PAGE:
Turkey and democracy in the Muslim world

The recent results in the Turkish parliamentary elections serve as an important reminder that, contrary to the stereotype of the incompatibility between Islam and democracy, the two can coexist and are indeed compatible. The Justice and Development Party (AKP), which also formed the last Turkish government, had increased its electoral support from 34 percent in 2002 to 47 percent in the 22 July elections. Western liberal stereotypes portray the picture of modern liberal principles and Islamic politics not being able to co-exist, strengthened by the experiences of undemocratic Islamist regimes in Iran, Sudan and Afghanistan. This portrayal may have become obsolete in light of the recent developments in Turkey.

In the elections, the victorious AKP does not fit these Western stereotypes. In fact, the competition in Turkey has been between an AK Party which is promoting democracy against the old Turkish political elite, the military commanders and the leaders of the old Republican Peoples’ Party (CHP), who are extremist secularists supporting old-style programs of “Westernization” and secularism at the expense of democracy. The elections were called after the AKP nominated Abdullah Gul, the foreign minister and a devout Muslim, to be president, which resulted in street protests by secularists over the fact that his wife wears a headscarf.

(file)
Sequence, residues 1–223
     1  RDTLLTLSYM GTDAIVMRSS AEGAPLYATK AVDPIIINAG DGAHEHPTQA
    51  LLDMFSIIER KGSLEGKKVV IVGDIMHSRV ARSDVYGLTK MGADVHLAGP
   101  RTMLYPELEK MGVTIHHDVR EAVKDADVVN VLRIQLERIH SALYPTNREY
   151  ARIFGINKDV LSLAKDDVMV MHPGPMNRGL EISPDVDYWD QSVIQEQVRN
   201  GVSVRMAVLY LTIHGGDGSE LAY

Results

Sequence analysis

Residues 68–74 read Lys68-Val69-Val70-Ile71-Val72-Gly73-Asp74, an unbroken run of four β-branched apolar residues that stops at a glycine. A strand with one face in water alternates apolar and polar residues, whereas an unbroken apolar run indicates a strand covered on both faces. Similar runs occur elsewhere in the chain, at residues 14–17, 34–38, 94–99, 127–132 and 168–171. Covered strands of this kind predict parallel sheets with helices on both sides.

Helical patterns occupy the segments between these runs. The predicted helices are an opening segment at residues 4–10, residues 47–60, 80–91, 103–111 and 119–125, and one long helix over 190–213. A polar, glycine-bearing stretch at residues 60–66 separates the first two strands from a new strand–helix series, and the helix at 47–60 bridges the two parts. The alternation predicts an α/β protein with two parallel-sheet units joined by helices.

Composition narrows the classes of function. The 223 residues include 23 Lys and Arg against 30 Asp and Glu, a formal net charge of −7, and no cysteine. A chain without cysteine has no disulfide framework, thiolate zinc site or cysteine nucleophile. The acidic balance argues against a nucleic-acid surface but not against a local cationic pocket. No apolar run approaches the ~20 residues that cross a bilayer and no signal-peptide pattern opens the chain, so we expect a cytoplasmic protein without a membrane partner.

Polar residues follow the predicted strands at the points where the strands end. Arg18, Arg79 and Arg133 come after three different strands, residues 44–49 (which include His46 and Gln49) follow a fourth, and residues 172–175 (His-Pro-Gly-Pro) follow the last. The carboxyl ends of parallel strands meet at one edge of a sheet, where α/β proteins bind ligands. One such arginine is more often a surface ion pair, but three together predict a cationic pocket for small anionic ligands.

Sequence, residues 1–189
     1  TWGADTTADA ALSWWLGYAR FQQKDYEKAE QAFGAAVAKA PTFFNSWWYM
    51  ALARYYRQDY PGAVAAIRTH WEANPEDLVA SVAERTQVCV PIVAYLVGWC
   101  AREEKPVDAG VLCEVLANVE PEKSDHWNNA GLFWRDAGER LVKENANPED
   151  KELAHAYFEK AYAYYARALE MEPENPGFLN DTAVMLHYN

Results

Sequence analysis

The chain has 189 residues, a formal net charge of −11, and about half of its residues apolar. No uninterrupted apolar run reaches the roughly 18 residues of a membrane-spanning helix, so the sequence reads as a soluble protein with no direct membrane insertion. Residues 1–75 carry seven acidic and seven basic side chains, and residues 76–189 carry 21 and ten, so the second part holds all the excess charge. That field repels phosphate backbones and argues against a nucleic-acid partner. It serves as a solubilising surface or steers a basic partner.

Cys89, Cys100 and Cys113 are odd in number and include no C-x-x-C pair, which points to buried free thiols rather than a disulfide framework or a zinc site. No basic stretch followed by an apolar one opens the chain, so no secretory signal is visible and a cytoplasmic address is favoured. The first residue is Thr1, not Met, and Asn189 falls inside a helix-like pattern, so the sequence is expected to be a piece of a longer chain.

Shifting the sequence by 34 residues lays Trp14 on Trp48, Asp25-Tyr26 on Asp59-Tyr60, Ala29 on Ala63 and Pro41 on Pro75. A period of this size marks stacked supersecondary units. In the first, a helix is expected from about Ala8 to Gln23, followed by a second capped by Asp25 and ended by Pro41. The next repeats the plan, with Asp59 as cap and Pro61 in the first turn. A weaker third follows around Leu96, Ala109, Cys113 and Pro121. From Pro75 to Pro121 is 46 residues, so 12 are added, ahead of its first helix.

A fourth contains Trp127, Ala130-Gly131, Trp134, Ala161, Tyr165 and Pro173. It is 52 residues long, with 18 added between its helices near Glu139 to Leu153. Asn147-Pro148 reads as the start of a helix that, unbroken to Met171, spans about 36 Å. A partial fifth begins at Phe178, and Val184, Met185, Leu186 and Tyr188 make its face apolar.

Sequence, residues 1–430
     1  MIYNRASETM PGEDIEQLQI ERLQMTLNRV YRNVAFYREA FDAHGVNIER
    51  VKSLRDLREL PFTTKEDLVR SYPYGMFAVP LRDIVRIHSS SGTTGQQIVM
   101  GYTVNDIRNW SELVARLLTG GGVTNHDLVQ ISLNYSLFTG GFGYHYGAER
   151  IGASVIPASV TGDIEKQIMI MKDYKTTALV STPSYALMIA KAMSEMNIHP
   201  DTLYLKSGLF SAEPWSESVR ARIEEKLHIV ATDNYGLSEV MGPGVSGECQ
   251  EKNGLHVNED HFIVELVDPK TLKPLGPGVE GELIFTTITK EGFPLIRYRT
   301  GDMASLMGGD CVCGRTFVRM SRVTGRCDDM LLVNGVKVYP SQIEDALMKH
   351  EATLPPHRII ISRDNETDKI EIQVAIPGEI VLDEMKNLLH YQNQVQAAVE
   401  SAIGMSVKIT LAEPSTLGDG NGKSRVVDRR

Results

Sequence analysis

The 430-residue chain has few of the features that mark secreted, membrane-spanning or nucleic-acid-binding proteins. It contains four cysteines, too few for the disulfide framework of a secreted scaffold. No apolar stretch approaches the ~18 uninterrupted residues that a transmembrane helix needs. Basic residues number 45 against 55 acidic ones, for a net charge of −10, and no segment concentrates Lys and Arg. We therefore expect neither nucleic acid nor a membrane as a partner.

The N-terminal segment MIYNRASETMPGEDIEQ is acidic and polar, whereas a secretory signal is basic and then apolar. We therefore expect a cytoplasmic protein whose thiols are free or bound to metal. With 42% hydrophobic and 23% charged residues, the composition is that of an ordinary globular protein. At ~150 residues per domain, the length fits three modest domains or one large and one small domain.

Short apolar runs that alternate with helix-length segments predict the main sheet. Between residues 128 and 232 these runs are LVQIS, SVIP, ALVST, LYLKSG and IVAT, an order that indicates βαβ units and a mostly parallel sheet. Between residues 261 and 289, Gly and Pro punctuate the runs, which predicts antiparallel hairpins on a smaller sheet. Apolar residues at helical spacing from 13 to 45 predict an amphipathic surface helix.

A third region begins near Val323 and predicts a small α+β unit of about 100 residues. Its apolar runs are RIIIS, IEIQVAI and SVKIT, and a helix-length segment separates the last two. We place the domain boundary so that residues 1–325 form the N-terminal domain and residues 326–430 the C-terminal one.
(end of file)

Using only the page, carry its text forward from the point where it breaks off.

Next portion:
Turkish model of Islamic politics

Graham Fuller, in book The Future of Political Islam published in 2003 argued that the AKP government would be a serious test for the compatibility between Islam and democracy. Four and the half years after its initial win, the AKP has proven that a government with Islamic credentials can also promote robust economic development, enhance ties with the US and Europe and galvanize support for its cause. The AKP has demonstrated that democracy and secularism in the Muslim world are not mutually exclusive, or have to grow only at the expense of the other. Perhaps most importantly, the AKP”s victory could give voice to the emergence of “Muslim Democratic” parties throughout the Muslim world along the lines of the Christian Democratic parties in Europe.

The AKP successfully balanced the need to distance itself from its Islamist background to gain legitimacy in the eyes of the Turkish political elites. At the same time, they were able to appeal to their more Islamic constituencies by embodying the traditional values of Islam and maintaining Turkish links to its Islamic past. The idea of promoting a Turkish model of Islamic politics is not a new one. American policymakers, aware that their long-lasting support for the friendly authoritarian regimes in the Middle East led to strong anti-Americanism and radicalism, proposed a middle way through the creation of Islamist democracies that are friendly to the US. The logic of this approach is underlined by the belief that, just as there are radical, democrat or pro-violence lines under the roof of the left, there could be democrat, radical and pro-violence types among Islamist parties and groups. The key is to support Islamist stance that are moderate and democratic along the line of the AKP.